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49 Flames:

Jewish Athletes and the Holocaust

During the Holocaust, men and women, young and old, rich and poor, famous and unknown, were killed. Athletes were not spared, and prominent sportsmen and women from all over Europe were murdered at the hands of the Nazis. This exhibition aims to tell the story of the Holocaust through the many stories of Jewish sportsmen and women who died during the war. 

Sports have an enormous power to unite people and by sharing the stories of these athletes, we hope to inspire future generations to always fight against antisemitism, discrimination and racism, wherever they find it.

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KAREN POLLOCK CBE, CEO Holocaust Educational Trust 

The history of the Holocaust is one of individuals, some of whom survived, but most of whom did not. Football unites people from different backgrounds and countries with a shared desire to win for their team.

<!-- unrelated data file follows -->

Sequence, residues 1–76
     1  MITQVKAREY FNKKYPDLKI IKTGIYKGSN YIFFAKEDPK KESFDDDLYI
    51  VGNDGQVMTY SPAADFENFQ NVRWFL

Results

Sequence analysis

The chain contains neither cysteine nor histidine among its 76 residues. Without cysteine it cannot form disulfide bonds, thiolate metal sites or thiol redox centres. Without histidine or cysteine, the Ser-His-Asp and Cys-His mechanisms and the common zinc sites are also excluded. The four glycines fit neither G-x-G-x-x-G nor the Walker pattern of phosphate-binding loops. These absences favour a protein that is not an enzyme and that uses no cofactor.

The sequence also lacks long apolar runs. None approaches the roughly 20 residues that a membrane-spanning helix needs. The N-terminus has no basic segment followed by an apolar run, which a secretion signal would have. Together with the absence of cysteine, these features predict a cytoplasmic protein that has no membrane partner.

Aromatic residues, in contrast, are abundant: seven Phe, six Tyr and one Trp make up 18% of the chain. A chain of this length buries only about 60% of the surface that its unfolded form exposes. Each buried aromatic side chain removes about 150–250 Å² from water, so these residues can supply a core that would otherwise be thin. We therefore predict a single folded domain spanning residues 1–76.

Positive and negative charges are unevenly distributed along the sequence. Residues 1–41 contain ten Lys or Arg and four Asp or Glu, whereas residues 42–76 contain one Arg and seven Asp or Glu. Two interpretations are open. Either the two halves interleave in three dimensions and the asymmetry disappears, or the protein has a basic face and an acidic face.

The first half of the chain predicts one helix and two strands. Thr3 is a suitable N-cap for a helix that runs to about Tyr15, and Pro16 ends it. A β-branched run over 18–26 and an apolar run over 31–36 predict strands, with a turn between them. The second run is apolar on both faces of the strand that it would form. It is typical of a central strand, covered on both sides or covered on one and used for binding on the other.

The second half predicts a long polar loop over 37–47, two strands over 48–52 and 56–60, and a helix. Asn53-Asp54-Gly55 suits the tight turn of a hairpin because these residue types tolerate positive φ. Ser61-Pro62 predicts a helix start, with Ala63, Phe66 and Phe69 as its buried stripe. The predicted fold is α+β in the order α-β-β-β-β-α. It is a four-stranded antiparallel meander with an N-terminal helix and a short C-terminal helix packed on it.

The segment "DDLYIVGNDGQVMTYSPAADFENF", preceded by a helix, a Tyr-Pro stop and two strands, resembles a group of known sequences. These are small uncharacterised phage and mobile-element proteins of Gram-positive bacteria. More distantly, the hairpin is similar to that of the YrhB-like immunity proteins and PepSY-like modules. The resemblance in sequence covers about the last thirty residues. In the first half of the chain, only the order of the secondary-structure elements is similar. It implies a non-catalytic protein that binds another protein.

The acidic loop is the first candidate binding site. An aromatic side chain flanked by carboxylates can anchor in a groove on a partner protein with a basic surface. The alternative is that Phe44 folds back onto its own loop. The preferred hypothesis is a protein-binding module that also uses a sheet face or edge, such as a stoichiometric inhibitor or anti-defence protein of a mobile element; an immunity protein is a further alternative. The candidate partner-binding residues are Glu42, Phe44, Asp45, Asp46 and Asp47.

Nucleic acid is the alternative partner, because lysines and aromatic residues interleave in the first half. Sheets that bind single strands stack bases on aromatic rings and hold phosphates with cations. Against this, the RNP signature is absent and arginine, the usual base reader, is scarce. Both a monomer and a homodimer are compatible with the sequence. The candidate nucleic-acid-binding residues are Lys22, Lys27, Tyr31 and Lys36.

The 10th President of Israel 

This project, honouring Jewish sportsmen and women whose lives were taken from them during the Holocaust while focusing on raising awareness about the evils of antisemitism in general and in sport in particular, highlights issues very close to my heart. 

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Manager Chelsea FC Women

I am proud that we as a club use our platforms to celebrate diversity and use our voices to stand up against injustices and all forms of racism and anitsemitism.


SIR BEN HELFGOTT MBE, Athlete and Holocaust Survivor 

As I was marching in the stadium during the opening ceremony, I kept thinking that not only was this a personal triumph for me, but I felt that I was representing all the potential Jewish sportsmen and women who could have been there had they not been killed by the Nazis.

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